I said WHAT???

Art Linkletter once wrote a book called Children Say the Darndest Things. As a doctor, however, I maintain that patients, under the influence of anesthesia or mind-altering pain medications, say the darndest things! Take Joseph, a fifty-year-old banking executive. After being doped up with Versed, a potent tranquilizer, he underwent his first screening colonoscopy. While awake, but still groggy from his anesthetic, Joseph was informed a large, pre-cancerous polyp had been discovered.

Joseph's shoulders drooped and his face fell. "I had a polyp? Shucks! That's so sad! Dad's doctor said he had a beautiful colon with no polyps at all. I wish I had a beautiful colon."

Taken back by Joseph's whiny tone, the proctologist enthused, "Well, I removed that big, ugly polyp, so now you do have a beautiful colon! Isn't that wonderful?"

Joseph clapped his hands in child-like glee. "Oh, goody! Now I have a beautiful colon, too!"

The proctologist laughed when telling me about the exchange. "Perhaps I should market myself as a plastic surgeon for the colon," he quipped. "It certainly sounds classier than a proctologist!"

I heartily agreed, though secretly hoped I wouldn't utter inane remarks like Joseph's when I obtained my upcoming colonoscopy!

Unfortunately, not all patients become merely whiny or silly under the influence of pain killers. Some patients become downright mean. Charles Dawson, the minister of a huge church in Nashville, was hospitalized to receive pain meds and chemotherapy as treatment for his virulent pancreatic cancer. Wouldn't he be scandalized to learn that under the influence of morphine he had the following exchange with his nurse:

Nurse (with cheery lilt): "Time to take your medication, Mr. Dawson."

Patient: "Buzz off and leave me alone!"

Nurse (in a patronizing tone): "Now Mr. Dawson, if you want to feel better, you need to take your medicine."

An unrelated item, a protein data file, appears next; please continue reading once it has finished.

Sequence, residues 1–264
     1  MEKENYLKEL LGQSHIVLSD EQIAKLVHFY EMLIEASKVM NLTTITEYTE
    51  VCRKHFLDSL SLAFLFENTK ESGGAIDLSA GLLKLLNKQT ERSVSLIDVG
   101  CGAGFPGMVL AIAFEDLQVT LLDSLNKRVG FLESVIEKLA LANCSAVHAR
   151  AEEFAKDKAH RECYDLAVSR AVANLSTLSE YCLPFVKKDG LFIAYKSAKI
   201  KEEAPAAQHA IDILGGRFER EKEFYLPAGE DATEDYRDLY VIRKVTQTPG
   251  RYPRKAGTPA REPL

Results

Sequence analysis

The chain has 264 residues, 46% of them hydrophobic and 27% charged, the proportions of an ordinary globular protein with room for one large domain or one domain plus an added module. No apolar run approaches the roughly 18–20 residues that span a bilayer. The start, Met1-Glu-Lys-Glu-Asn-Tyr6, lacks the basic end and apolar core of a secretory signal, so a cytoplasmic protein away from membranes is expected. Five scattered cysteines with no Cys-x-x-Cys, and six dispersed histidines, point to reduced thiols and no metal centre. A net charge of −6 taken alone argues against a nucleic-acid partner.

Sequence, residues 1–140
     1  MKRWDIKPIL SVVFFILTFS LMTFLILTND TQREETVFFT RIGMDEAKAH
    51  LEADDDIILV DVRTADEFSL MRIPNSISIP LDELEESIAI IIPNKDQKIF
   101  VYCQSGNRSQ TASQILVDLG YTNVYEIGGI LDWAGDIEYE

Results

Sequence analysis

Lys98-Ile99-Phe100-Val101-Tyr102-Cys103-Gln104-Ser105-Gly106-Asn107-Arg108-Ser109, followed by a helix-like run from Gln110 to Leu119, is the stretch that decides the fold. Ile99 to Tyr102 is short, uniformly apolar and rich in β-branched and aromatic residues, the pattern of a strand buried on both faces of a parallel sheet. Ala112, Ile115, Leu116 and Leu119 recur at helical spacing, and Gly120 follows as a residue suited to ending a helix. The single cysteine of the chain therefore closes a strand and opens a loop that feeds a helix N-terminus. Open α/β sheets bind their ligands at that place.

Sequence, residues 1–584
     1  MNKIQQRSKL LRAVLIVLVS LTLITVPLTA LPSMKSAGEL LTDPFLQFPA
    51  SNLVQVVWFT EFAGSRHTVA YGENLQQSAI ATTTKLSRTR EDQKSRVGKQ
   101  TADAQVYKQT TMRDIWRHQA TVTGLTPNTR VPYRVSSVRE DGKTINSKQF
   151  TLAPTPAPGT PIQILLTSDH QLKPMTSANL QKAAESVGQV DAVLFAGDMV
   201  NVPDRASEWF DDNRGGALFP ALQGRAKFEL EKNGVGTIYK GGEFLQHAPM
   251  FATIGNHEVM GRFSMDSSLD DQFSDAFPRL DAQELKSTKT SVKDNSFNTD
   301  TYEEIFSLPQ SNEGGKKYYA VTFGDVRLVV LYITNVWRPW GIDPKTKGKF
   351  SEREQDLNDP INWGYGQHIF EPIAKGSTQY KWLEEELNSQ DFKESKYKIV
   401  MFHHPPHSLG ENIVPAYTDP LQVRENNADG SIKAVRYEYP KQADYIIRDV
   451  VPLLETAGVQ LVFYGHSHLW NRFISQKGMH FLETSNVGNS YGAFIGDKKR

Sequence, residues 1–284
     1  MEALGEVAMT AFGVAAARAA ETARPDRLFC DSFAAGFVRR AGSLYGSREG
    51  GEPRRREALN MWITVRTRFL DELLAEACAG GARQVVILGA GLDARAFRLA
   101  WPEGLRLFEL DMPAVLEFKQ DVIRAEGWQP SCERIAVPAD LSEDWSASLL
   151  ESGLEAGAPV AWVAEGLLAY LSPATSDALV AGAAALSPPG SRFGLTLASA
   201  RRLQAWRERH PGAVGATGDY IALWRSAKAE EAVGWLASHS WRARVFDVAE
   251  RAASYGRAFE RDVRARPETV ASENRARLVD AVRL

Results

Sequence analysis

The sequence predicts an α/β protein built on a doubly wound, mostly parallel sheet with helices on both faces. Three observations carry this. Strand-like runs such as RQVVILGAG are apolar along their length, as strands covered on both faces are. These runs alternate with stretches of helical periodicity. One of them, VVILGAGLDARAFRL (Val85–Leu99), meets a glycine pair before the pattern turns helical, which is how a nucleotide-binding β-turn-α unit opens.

Patient (arms crossed and glaring at nurse): "If I wanted to feel better, I'd kick your bossy mouth and fat ass out of my room! Now scram!"

Concerned that a prominent minister would talk to her with such vulgar and insulting words, the nurse paged me. I reassured her that in his right mind, Mr. Dawson would never have uttered such tasteless remarks. "He's one of the nicest patients in my practice," I insisted. "It's got to be the morphine." We stopped the drug and chose an alternate pain medication. Soon Mr. Hyde had transformed back into Dr. Jekyll.

Charles Dawson wasn't the only patient of mine to have a personality change under the influence of narcotics. The funniest case occurred when I was still a medical student. As one of five students making hospital rounds with our attending physician, Dr. Parrish, we entered the room of Olive Gleason, a ninety-two-year-old with a large, painful diabetic foot ulcer.

"Hey, there, medicine man," Olive crooned to Dr Parrish. "You want to roll in the hay with me before I keel over dead from this foot ulcer?"

Dr. Parrish's eyes widened, but he politely informed her that no, he was too busy teaching medical students to have time for a roll in the hay.

Olive scowled and crossed her arms in disgust at his rebuff. "Pfft! No real loss. You're balder and fatter than suits my taste anyhow, but at ninety-two, I figured I couldn't be too choosy."

I chomped on the inside of my cheeks to keep from laughing. How would Dr. Parrish handle being dissed by a nonagenerian in front of a gaggle of medical students? Talk about embarrassing!

Without missing a beat, Dr. Parrish said, "Olive is clearly receiving too much morphine. Perhaps we should turn down her infusion pump before she informs me I'm too stupid and clumsy to meet her high standards, as well."

We all released a nervous laugh grateful he'd handled her insult with insight and humor. Thank goodness Dr. Parrish knew doped up patients say the darndest things!